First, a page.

A major hurricane, Michael, has been coming up through Florida, Georgia, and the Carolinas this week, and we hope very much that all our readers in those states are safe and sound.
Hurricanes have a powerful impact not only on human life, but also on the natural world. In particular, hurricanes can scatter many seabirds far outside of their normal ranges, depositing tropical birds far to the north, and open-ocean birds far inland.
Cornell University’s BirdCast service (birdcast.info) is tracking the effects of Hurricane Michael on bird life this week, and you and your homescholars can follow the current reports here:
Your recommended River Houses reference library (riverhouses.org/books) includes a fine bird guide that will show you some of the oceanic birds that are particularly susceptible to hurricane scattering: terns (page 204), tropicbirds (page 214), petrels (page 224), shearwaters (page 232), frigatebirds (page 246), and others.
If you’re discussing hurricanes in your homeschool this week, why not invite you students to imagine what it would be like to be a fifteen-inch bird on the open ocean at night in 100 mile-per-hour winds. How could you survive, and how far away from home would you land?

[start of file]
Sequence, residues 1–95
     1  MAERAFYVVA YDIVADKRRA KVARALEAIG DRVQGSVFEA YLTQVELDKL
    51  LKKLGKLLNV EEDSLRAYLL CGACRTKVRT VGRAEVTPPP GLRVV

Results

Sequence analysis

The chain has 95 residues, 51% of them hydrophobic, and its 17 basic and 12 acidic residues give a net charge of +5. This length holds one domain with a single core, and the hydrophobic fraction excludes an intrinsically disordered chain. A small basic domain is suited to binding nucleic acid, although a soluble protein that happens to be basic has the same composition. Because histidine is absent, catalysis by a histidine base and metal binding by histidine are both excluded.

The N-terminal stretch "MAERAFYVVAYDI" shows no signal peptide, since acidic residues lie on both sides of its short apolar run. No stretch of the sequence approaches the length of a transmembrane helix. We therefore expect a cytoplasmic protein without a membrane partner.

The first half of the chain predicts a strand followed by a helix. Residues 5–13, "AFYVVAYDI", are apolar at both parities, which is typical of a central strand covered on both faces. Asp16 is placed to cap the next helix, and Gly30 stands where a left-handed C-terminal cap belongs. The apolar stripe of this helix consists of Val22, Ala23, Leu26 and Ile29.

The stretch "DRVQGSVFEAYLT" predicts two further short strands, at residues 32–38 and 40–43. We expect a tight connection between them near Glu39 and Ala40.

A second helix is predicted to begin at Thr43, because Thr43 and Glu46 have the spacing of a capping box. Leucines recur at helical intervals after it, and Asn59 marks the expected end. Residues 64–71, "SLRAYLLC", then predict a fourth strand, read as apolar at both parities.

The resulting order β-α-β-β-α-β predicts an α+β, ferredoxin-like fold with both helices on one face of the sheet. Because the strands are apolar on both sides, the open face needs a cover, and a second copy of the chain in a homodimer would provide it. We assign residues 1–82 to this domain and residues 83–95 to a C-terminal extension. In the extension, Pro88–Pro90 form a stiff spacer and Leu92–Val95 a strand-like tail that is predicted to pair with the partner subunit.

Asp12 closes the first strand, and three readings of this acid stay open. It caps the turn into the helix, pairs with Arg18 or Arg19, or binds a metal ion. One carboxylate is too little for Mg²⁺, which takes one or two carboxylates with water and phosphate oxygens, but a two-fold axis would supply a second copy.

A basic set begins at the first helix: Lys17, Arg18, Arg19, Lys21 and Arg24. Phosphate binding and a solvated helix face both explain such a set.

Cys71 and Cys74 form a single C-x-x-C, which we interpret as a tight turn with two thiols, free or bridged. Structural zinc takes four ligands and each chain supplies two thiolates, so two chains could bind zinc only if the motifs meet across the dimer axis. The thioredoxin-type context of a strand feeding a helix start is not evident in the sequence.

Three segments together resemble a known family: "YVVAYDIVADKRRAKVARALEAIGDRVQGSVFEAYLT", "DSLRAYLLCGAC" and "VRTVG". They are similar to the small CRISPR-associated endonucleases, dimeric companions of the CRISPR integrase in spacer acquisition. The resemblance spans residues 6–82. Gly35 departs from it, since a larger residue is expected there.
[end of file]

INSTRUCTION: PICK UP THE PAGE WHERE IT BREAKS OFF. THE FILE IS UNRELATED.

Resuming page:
What natural observations have you made in your homeschool this week? 😊
❡ Homeschool birds: We think bird study is one of the best subjects you can take up in a homeschool environment. It’s suitable for all ages, it can be made as simple or as complex as you wish, and birds can be found just about anywhere at any season of the year. Why not track your own homeschool bird observations on the free eBird website (eBird.org) sponsored by Cornell University. It’s a great way to learn more about what’s in your local area and about how bird populations change from season to season. 🦉